Cookies, customer segmentation and personalised content

  • “road bike users”: bought in category “road bikes”
  • “mountain bike users”: bought in category “mountain bikes”
  • “hybrid bike users”:bought in category “hybrid bikes”

They create 3 different banners that direct users to specific landing pages, and set PureClarity to show the different banners based on the segment the user falls into.

This is great at first glance - returning users will be funnelled to the “right place” based on what they’ve bought. The user gets a more streamlined experience as it’s easier for them to find the products they want.

With the cookie changes - these banners might not work on all browsers. Browsers with tighter restrictions such as Safari may remove cookies after 7 days so returning users are not put into the correct segment.

On the surface this seems like a real issue. How do we target customers now? The answer is to also consider what the user is doing whilst they are browsing now. A more sophisticated segment that could be used for “road bike users” could be:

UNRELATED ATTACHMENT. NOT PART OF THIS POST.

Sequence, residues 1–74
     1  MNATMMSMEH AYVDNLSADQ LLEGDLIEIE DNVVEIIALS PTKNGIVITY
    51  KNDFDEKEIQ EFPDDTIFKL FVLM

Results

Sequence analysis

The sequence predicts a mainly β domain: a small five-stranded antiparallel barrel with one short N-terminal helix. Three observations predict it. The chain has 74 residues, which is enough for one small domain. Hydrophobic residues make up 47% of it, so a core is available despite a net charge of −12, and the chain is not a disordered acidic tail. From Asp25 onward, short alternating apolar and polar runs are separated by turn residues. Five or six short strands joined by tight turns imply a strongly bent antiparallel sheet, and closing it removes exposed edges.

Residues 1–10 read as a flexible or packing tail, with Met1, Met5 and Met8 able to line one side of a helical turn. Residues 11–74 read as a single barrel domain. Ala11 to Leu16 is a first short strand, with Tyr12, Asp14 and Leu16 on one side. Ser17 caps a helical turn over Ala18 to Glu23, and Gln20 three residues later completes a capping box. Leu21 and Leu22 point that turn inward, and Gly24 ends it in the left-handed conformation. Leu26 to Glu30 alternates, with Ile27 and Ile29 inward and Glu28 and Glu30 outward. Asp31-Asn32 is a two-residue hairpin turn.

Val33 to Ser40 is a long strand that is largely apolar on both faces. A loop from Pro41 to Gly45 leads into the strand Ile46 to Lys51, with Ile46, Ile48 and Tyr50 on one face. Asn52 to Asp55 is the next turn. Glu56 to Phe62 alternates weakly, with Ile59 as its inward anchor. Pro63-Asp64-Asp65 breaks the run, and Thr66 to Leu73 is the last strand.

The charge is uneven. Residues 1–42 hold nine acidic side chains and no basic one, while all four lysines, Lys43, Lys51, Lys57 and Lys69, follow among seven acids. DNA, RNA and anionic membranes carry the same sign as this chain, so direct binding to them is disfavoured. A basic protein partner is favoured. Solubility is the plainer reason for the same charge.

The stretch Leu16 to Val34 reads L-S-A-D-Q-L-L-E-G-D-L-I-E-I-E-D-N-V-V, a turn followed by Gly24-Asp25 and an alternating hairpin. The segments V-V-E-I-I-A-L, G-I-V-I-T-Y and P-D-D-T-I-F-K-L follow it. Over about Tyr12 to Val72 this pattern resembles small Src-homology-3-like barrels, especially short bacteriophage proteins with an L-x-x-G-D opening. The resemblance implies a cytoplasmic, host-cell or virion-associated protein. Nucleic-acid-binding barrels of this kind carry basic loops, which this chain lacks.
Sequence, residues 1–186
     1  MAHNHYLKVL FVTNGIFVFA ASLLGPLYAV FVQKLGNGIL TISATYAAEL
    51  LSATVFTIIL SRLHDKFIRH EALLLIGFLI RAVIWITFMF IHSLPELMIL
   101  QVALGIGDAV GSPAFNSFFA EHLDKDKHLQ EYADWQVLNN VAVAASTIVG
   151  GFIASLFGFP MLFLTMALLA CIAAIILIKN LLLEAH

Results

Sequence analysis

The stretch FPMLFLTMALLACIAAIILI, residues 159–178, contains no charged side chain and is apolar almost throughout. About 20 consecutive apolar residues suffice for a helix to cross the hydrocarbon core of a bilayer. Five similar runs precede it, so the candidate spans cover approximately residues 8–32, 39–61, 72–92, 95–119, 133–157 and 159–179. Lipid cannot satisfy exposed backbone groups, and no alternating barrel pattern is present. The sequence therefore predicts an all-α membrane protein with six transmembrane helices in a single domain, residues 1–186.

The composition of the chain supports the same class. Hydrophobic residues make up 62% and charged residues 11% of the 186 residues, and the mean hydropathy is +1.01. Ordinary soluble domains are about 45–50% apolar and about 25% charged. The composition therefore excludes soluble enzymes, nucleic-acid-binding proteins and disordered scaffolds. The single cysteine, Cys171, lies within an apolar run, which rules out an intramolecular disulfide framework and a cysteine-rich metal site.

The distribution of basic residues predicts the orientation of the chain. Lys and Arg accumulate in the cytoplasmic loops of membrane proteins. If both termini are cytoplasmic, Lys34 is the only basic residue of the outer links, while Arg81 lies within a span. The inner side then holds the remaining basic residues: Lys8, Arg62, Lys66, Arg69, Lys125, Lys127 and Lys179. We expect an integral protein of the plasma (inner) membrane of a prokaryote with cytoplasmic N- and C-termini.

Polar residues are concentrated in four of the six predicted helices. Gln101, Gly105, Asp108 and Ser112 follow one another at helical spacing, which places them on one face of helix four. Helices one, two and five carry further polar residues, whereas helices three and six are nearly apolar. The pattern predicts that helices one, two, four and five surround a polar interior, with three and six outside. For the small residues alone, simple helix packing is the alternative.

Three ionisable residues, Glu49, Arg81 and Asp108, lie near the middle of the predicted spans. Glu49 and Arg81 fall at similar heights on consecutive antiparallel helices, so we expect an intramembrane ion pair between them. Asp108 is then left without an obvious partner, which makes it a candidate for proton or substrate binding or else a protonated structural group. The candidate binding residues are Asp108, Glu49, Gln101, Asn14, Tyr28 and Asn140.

“road bike users”

  • bought in category “road bikes” in the last 90 days


  • viewed products in category “road bikes” in the last 7 days


  • has products in category “road bikes” in their basket

This means people who’ve bought a road bike in the last 3 months (if we can tell), or have viewed them in the last week (recently interested or interested now) or have one in the basket (definitely interested now).

PureClarity makes it incredibly easy to set up rules like this.

Dynamic Attribution